It was with these things in mind that I decided to organize my own small private expedition to the heart of the highlands. I wanted to meet these people who only a few decades ago had made the monumental leap from the Stone Age to the Space Age in a single generation. I decided to visit the Huli tribe, famous for its colorful wigmen. I hired a young woman, Maria, to act as my main guide, who in turn recruited her husband (who had been born in the Huli region) to take us there and one of his cousins to carry our belongings. We departed from Tari, the main town of the region, and walked deep into the countryside to reach some villages relatively unspoiled by Western civilization. I say “relatively,” because ever since that monumental day Leahy opened up the region to the outside world, many Christian missionaries have significantly altered the indigenous societies and customs: Everywhere I had traveled in the country up to that moment, I had seen the presence of missionaries – whether it was the Christian bookshops in every town, or the Christian societies, or important construction works sponsored by various missionary associations and nonprofit Christian organizations. Still, though, I imagined that if I ventured far from the main town, I could hope to meet a few older people who would remember the Stone Age life of their childhood, as well as the historic transitional period and adaptation to the modern world that followed it.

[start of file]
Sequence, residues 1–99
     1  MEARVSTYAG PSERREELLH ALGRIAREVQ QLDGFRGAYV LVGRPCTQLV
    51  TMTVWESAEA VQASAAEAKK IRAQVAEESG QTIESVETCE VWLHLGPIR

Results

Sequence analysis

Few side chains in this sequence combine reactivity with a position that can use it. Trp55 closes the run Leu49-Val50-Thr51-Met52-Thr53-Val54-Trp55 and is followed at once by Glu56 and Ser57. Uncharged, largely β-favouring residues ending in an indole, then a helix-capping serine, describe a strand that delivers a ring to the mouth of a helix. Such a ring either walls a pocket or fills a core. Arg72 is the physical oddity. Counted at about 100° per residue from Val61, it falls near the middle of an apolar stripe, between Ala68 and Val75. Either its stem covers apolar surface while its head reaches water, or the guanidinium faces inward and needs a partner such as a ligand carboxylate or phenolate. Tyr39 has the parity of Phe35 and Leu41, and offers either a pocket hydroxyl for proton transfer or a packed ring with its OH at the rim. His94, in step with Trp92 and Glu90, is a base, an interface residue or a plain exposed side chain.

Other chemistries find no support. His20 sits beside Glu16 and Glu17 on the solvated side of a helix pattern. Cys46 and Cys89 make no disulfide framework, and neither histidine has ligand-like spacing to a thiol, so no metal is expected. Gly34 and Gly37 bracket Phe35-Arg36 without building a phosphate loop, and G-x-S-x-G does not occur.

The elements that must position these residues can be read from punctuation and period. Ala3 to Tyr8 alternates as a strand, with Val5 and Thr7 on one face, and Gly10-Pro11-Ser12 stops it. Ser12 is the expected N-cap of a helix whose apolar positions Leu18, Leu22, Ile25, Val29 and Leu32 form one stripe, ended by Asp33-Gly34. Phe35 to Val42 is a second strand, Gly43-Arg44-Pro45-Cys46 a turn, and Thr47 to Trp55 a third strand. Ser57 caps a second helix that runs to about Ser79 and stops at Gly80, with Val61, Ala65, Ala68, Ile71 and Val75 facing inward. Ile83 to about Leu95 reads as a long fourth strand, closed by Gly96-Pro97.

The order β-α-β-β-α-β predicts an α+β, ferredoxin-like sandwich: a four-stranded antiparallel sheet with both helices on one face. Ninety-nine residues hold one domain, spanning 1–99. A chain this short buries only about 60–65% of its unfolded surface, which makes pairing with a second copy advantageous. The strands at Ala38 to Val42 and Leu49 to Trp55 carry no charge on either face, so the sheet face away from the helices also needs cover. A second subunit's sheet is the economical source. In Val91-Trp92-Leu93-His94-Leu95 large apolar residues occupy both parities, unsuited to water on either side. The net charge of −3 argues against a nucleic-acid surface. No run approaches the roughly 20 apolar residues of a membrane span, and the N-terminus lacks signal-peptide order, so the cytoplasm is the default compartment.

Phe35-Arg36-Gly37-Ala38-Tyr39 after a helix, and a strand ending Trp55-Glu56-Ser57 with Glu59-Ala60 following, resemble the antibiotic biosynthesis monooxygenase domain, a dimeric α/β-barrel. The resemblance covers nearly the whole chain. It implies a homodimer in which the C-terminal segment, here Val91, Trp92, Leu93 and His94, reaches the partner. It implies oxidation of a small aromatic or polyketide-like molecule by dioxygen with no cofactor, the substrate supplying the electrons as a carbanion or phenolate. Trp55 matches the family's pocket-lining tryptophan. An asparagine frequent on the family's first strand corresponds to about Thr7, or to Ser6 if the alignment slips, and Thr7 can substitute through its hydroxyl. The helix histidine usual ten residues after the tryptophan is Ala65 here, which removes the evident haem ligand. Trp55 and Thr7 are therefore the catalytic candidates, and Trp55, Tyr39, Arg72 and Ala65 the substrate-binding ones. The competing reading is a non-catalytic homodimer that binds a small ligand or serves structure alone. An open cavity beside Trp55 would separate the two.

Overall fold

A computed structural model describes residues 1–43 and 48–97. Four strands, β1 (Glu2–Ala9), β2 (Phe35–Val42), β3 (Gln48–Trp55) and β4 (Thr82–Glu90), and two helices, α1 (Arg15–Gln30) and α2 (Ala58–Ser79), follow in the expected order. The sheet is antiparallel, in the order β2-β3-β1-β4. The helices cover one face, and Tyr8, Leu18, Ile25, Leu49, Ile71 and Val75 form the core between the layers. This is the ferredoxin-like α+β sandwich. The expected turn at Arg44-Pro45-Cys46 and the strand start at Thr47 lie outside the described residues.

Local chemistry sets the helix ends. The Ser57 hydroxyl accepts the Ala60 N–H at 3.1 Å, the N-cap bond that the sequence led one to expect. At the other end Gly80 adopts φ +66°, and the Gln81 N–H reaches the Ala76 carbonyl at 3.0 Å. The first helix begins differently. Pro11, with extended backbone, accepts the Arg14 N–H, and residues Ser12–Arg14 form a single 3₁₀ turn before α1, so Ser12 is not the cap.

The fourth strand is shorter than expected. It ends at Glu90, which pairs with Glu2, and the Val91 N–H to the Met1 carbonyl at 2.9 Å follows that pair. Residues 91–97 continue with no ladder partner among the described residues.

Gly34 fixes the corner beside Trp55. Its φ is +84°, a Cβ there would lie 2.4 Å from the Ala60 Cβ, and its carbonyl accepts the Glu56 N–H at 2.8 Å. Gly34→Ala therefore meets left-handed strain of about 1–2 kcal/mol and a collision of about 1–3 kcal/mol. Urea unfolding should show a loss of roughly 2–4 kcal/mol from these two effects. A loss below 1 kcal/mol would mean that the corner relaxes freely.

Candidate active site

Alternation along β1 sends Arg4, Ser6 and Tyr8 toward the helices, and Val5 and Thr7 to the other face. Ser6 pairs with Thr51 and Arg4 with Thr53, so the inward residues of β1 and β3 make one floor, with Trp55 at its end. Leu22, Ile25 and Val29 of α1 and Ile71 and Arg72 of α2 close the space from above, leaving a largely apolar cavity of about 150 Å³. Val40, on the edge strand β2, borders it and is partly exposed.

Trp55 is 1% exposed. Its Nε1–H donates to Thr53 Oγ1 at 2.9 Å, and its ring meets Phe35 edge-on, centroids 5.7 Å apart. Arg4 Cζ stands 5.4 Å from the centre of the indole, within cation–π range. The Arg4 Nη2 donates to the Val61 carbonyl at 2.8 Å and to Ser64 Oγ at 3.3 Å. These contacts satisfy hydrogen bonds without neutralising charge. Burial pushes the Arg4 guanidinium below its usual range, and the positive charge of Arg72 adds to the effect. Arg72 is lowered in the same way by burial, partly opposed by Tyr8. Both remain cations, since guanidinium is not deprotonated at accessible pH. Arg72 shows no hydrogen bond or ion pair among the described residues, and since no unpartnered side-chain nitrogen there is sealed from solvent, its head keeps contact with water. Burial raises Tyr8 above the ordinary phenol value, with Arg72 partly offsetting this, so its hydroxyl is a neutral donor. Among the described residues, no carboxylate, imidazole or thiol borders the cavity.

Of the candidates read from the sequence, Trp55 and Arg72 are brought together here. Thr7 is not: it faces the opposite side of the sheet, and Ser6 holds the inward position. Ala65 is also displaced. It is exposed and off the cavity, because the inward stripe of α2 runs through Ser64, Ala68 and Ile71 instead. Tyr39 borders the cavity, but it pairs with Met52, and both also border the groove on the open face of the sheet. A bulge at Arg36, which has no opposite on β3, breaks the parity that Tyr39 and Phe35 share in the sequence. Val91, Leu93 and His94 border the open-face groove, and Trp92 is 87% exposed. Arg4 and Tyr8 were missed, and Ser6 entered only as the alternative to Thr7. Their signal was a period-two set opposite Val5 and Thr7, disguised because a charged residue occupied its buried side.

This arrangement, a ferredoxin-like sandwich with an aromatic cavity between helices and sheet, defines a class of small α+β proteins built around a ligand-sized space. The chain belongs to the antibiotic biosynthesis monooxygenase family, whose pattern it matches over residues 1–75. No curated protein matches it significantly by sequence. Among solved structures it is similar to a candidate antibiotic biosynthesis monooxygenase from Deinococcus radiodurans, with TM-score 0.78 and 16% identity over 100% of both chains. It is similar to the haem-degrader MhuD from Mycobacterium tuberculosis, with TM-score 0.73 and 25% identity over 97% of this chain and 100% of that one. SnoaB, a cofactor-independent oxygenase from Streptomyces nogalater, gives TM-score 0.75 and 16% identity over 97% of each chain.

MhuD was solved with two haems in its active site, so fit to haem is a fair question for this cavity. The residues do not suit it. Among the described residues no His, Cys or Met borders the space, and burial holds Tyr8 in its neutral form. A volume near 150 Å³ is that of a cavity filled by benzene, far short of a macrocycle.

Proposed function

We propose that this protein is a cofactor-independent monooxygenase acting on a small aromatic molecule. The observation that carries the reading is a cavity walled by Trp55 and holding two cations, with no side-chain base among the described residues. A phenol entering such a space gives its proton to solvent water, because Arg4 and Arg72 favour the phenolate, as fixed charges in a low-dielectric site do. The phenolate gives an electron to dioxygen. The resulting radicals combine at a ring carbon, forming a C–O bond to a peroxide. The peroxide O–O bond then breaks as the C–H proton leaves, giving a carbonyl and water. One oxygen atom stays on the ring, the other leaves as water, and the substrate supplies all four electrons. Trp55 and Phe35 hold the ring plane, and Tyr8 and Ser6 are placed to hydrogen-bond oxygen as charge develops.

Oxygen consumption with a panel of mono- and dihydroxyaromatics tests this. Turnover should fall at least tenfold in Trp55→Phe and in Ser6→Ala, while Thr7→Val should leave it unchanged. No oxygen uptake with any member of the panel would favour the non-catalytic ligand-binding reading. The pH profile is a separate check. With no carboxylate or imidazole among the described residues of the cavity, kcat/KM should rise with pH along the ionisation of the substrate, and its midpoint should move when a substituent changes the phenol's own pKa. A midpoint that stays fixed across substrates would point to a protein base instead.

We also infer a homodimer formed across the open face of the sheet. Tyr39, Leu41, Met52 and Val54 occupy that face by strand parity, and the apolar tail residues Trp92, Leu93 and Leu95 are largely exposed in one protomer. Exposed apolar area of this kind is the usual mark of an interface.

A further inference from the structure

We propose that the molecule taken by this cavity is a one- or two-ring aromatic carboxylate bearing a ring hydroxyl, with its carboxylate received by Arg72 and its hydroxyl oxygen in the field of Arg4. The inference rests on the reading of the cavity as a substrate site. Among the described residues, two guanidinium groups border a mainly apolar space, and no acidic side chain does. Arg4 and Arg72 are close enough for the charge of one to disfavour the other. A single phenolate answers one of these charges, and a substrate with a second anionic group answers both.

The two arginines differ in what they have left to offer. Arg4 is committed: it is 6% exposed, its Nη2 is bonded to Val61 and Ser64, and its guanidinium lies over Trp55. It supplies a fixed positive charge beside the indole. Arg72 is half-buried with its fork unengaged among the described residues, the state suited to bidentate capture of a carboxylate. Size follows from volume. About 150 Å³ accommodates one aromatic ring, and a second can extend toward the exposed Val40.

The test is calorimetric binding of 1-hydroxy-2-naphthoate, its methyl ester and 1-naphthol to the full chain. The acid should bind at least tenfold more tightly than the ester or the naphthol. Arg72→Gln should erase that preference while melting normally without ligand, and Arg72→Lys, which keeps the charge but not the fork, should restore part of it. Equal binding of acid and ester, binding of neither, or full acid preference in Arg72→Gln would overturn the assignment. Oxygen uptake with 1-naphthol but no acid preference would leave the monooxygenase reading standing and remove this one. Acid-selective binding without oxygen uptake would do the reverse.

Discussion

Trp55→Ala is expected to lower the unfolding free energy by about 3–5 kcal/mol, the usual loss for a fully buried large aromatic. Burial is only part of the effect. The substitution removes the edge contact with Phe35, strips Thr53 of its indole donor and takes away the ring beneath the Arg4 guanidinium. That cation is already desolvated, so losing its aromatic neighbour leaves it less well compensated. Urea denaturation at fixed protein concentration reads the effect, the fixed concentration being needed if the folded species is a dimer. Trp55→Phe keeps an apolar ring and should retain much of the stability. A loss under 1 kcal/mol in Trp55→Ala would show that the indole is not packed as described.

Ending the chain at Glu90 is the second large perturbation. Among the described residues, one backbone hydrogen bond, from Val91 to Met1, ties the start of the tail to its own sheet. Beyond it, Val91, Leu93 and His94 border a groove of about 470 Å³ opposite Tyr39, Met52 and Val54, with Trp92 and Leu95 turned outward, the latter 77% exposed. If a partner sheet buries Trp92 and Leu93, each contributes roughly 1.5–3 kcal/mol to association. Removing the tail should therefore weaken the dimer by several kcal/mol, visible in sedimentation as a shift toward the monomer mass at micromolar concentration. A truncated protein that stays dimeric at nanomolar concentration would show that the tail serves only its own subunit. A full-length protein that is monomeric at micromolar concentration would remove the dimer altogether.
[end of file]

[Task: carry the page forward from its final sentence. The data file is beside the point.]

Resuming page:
We had already trekked for over three hours through tough terrain before we reached our destined village – the home village of my male guide. After meeting the family in whose hut I would be sleeping for the next two nights, we walked around the village. I soon became the main attraction of the village, being followed around by a group of kids who were curious to learn everything about the rare white visitor. Through Maria, I tried to answer their many questions, but after an hour or so, my guide felt tired and suggested that we leave the by now huge and noisy crowd and walk to the outskirts of the village. There, she said, lived an old man who she thought could have answers to my many questions.